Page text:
Chandrayaan-2's lander Vikram has been found on the Moon's surface and efforts are being made to re-establish communication with the module. Although the lander is intact, it is currently in a tilted position, ISRO officials stated on Monday.
"It had a hard-landing very close to the planned (touch-down) site as per the images sent by the on-board camera of the orbiter. The lander is there as a single piece, not broken into pieces. It's in a tilted position," an ISRO official associated with Chandrayaan 2 claimed on Monday.
The Indian Space Research Organisation had lost contact with lander Vikram on September 7 as it was 2.1 km above the lunar surface, trying to soft-land on the unexplored South Pole of the Moon. The module is carrying rover Pragyan and three scientific instruments, meant to study the soil composition, atmosphere, seismic activity and other aspects of the environment around the landing site.
Meanwhile, Chandrayaan-2's orbiter is in lunar orbit with its eight payloads. It will conduct remote-sensing observations for one year from a 100 km orbit above the Moon's surface. It was the orbiter that had spotted Vikram on the lunar surface on Sunday.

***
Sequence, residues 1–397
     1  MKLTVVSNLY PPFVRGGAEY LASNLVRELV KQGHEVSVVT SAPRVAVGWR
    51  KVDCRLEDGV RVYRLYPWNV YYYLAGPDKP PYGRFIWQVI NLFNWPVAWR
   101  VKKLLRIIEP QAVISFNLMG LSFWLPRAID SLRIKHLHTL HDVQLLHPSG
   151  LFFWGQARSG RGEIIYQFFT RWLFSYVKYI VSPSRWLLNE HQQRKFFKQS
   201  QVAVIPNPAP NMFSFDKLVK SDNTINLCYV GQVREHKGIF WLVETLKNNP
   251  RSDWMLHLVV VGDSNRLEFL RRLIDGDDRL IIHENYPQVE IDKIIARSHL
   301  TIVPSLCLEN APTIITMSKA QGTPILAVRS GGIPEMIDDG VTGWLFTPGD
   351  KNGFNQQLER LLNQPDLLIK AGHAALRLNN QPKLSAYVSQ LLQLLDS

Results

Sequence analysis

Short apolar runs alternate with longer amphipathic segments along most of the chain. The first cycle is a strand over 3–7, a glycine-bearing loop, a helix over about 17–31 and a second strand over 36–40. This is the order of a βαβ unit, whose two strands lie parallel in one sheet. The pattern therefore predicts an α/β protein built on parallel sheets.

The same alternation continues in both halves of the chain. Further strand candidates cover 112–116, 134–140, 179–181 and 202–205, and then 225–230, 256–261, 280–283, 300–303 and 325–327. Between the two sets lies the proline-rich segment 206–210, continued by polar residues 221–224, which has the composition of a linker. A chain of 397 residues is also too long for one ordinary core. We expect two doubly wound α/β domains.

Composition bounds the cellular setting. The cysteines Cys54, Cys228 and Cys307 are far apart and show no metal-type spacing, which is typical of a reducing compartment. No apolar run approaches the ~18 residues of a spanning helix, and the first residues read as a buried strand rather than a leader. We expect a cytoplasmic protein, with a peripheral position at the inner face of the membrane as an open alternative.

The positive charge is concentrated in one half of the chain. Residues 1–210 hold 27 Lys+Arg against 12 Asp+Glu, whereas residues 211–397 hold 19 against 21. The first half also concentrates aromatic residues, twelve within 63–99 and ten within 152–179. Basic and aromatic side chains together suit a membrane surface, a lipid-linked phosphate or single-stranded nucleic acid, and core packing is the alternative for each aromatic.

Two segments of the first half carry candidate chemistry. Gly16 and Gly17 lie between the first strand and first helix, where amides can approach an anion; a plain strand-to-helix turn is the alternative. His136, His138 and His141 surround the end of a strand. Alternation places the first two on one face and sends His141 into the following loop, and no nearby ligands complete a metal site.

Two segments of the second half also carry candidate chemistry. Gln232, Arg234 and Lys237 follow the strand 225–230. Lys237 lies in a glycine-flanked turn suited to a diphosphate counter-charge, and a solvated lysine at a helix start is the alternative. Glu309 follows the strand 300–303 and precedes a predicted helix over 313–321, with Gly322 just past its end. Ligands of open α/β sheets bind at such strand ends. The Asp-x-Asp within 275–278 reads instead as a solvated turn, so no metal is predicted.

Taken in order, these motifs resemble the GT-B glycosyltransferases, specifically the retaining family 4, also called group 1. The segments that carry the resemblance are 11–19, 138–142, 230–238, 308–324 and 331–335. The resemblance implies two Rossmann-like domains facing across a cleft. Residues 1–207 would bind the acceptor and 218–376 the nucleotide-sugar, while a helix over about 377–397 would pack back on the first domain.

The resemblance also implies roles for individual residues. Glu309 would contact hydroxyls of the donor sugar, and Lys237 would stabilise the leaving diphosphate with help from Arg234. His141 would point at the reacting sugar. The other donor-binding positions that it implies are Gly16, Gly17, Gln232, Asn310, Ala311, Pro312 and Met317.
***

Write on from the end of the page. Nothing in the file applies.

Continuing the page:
ISRO chief K Sivan had said on Saturday that the space agency would try to restore link with the lander Vikram for 14 days. The mission life of the lander and rover is one Lunar day, which is equal to 14 earth days.
"Unless and until everything is intact (lander), it's very difficult (to re-establish contact). Chances are less. Only if it had soft-landed, and if all systems are functional, then only communication can be restored. Things are bleak as of now," one ISRO official told PTI.
Another senior ISRO official told the news agency that the chances of restoring contact with Vikram lander are good, but there are limitations to it. The official said that generating power is not an issue for the lander, as it has "solar panels all around it" and it also has "internal batteries" which have not been used much.
"We have experience of recovering spacecraft (which had lost contact) in geostationary orbit. But here (in the case of Vikram), that kind of operational flexibility is not there. Already it's lying on the surface of the Moon, and we cannot reorient it. Vital thing is antennas will have to pointed towards the ground station or the orbiter. Such operation in extremely difficult. At the same time, chances are good and we will have to keep our fingers crossed," the official said.
(With PTI inputs)
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